Inflation. It’s a word that makes the hairs on the backs of economists’ necks bristle; that sends shivers up the spines of politicians and governments everywhere.
But how does inflation affect a business? More importantly, what does inflation mean for your small business? Let’s find out.
Below, we discuss what inflation is, how inflation impacts businesses – both good and bad – and offer our top tips for how you can manage inflation in 2023.
Inflation, at its most basic, is when prices – for goods, services, rents, and more – go up.
When things cost more, your ability to buy things (or, as the economists prefer to say, your purchasing power) decreases.
In short? Your money doesn’t go as far.
Inflation is less the exception than the rule – in fact, it pretty much defines the history of our economy.
That $10 bill in your pocket, today, might get you a gas station sandwich and a soda (if you’re lucky). But in 1960, $10 would’ve gone a lot further. (In fact, it’s worth around $100 in today’s cash!)
Why? Because of inflation. So how does inflation affect businesses?
Naturally, the idea of inflation is a scary one for businesses – especially smaller ones still finding their feet.
Not only can inflation mean fewer sales (as your customers grapple with the increased costs of living), it can also up your overheads and employee costs – thereby limiting your profits. Plus, some businesses – those that sell non-essential products and services, for instance – will be more affected by inflation than others.
But don’t plunge into despair. Because how inflation impacts businesses isn’t all bad – and it can, in fact, bear a bunch of beneficial fruit for small businesses.
Let’s take a look at both sides of the coin.
Inflation: The Bad
Inflation can negatively impact small businesses in several ways, including:
- Decreased sales: as people’s purchasing power declines, so too may their spending – meaning, potentially, fewer sales for your business.
- Higher costs: with your own business’ dollar not going as far, your costs – for inventory, rent on your store, and more – will go up.
- Product shortages and supply chain disruption: with multiple businesses trying to cut costs by competing for the cheapest materials, shortages – and associated supply chain issues – will abound.
- Increased cost of borrowing: the pressures of inflation often lead the Federal Reserve to raise interest rates, making it more expensive to borrow money.
- Higher employee costs: employees, facing their own plummeting purchasing power, may demand higher wages to keep up – giving you a difficult decision to make.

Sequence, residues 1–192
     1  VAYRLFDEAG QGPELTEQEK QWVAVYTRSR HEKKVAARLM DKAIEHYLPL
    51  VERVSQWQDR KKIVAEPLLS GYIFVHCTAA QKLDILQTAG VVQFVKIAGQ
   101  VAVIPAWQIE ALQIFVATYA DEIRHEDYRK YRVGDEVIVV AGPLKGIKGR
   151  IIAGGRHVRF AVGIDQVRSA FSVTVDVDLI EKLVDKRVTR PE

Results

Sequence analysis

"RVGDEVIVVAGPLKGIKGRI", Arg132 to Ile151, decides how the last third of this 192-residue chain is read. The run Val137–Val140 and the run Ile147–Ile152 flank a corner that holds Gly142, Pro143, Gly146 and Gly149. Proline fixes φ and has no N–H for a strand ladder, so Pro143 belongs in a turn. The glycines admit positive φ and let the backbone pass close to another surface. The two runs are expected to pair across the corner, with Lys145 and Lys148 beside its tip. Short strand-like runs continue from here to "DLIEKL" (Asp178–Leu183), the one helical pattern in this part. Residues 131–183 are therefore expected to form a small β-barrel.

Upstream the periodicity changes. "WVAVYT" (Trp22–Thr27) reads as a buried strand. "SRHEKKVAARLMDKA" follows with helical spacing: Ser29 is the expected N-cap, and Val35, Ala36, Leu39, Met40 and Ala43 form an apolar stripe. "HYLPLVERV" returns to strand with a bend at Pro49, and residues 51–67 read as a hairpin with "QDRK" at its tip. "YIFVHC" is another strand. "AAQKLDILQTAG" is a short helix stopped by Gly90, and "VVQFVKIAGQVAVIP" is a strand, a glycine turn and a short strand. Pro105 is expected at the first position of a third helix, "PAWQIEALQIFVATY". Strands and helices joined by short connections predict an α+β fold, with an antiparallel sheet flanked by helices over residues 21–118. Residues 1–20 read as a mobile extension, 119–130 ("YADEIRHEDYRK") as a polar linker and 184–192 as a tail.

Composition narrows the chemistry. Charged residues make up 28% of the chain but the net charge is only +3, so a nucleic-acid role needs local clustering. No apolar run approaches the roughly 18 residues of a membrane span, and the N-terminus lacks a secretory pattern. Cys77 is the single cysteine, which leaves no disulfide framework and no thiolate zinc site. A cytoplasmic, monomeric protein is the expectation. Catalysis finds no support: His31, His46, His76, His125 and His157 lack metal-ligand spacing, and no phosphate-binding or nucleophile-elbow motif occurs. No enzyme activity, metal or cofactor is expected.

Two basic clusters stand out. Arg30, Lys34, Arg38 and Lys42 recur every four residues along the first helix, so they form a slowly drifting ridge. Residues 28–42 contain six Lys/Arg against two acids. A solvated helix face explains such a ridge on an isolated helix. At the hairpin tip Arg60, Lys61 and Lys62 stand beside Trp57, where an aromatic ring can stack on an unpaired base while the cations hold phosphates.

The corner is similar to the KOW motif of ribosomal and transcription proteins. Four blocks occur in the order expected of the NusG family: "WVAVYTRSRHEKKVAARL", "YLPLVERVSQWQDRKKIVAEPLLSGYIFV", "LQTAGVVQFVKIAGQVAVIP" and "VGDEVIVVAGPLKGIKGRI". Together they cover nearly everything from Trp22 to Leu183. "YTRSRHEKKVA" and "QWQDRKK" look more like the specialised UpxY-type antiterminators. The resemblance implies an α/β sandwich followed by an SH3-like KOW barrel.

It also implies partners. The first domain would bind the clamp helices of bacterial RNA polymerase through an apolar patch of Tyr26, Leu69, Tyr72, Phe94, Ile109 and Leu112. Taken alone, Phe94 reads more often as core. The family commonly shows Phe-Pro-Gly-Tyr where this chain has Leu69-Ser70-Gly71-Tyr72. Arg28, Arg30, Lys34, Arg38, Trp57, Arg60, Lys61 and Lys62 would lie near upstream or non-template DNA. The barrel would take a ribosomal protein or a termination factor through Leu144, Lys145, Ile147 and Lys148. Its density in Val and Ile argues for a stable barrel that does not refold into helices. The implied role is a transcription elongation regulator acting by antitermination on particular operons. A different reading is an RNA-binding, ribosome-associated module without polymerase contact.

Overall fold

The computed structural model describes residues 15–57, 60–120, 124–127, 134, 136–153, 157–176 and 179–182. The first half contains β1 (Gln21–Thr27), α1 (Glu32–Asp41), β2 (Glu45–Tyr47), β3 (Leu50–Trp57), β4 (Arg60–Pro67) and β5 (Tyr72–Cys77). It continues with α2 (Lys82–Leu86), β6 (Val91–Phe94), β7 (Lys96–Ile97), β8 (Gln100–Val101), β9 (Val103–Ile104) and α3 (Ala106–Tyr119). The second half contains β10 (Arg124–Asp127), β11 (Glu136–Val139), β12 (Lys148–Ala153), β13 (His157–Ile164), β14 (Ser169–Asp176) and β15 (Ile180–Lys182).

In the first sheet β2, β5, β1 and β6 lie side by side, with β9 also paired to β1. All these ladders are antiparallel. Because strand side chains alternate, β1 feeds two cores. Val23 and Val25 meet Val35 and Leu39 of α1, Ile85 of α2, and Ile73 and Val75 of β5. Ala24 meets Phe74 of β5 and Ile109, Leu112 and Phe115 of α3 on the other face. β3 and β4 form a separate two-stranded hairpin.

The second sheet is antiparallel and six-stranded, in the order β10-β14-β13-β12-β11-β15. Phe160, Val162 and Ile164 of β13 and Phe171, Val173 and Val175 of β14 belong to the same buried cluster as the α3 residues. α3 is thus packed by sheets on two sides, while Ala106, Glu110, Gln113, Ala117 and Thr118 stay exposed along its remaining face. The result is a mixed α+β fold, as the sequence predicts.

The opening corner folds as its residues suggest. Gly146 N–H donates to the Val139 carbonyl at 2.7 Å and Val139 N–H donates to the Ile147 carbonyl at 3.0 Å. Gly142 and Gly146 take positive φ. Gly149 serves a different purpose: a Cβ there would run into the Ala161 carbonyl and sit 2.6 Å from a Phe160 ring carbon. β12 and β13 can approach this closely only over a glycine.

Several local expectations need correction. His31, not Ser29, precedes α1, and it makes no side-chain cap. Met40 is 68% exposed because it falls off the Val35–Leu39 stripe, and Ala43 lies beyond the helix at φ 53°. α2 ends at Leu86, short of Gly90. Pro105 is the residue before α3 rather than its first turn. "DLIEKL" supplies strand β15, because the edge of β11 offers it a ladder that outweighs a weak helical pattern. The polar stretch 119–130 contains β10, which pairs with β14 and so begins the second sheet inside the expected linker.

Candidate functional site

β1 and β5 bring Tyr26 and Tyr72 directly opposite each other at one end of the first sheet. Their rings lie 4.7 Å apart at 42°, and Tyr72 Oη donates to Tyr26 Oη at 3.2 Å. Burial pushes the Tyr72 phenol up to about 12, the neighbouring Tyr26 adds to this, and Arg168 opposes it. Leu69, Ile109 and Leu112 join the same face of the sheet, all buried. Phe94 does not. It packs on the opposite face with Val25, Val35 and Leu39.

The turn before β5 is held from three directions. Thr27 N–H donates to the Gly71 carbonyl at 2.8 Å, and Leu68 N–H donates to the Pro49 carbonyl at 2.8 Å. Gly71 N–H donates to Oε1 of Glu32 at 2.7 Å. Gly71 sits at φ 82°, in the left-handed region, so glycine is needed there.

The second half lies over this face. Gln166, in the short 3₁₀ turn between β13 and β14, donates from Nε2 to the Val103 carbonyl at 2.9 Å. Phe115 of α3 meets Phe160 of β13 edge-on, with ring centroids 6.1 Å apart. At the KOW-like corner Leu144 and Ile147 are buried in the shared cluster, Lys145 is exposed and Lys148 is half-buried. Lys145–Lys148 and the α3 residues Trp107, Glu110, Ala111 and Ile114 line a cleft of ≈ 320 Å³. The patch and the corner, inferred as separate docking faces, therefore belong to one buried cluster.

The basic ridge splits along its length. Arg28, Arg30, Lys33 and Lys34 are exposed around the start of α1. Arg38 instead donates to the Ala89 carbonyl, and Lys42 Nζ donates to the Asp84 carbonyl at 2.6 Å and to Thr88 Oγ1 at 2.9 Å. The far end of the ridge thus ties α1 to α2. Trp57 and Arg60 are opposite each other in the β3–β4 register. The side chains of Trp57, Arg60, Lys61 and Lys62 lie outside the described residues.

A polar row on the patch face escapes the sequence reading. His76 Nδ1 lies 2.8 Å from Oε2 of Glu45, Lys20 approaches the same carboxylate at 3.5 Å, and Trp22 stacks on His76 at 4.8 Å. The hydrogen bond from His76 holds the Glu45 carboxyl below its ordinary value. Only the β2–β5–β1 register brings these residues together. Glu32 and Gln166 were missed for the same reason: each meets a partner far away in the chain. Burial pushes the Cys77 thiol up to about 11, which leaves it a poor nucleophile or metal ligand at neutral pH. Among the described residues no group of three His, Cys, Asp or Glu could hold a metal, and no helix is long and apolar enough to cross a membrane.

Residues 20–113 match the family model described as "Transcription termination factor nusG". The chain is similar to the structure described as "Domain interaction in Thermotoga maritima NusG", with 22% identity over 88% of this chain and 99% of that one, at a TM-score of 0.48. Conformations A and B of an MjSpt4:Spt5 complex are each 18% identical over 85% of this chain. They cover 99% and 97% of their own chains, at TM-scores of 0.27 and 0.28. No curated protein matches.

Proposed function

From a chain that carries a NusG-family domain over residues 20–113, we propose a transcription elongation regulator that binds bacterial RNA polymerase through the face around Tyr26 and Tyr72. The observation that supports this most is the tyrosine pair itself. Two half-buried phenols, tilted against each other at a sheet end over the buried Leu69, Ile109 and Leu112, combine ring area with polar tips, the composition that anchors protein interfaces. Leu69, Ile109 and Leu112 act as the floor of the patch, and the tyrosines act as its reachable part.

Inflation: The Good
Inflation isn’t without a positive spin for small businesses, though – and there’s no shortage of benefits. These include:
- Price increases boosting profits: by pushing up your prices in line with inflation, you can take more money – for the same products and services.
- Employee retention: with inflation creating more uncertainty in the job market, it may help you hang onto your existing employees.
- Opportunities to find better suppliers: inflation can provide the impetus you need to reevaluate your relationships with suppliers, and locate ones that offer better value in an inflated economic environment.
- Makes old debt more affordable: with inflation eroding money’s value, new debt becomes more expensive – making older debt much more desirable.
Regardless of whether you see the inflationary glass as half full or half empty, one thing’s for sure – your small business needs to be able to manage it.
When inflation strikes, the cost of everything goes up. Meaning your business, too, will have to charge more to stay in line with the market.
That’s not to say you should take a gung ho approach to raising your prices. Competitor analysis here is vital, so do your research to find out what rival companies are charging for similar products.
Be sure, too, to keep your customers in the loop as to why you’re raising your prices: so they know it’s to stay competitive, rather than greed-motivated. Most people know what inflation is, and the demands it places on small businesses – and they’ll expect rate rises. So, if you’re transparent about your price hikes, they’ll usually understand.
Need a hand setting the right rates for your services? Check out Website Builder Expert’s guide to how to price a product for our top tips.
As we’ve discussed, inflation means higher costs – and that includes your overheads. The costs of rent (on your bricks and mortar premises, if you have one) may go up; likewise the price of purchasing your inventory wholesale.
Solely ecommerce businesses aren’t immune, either. Shipping costs will go up, and ecommerce platforms and payment providers may increase their fees. To respond, you’ll need to cut your overheads. But how?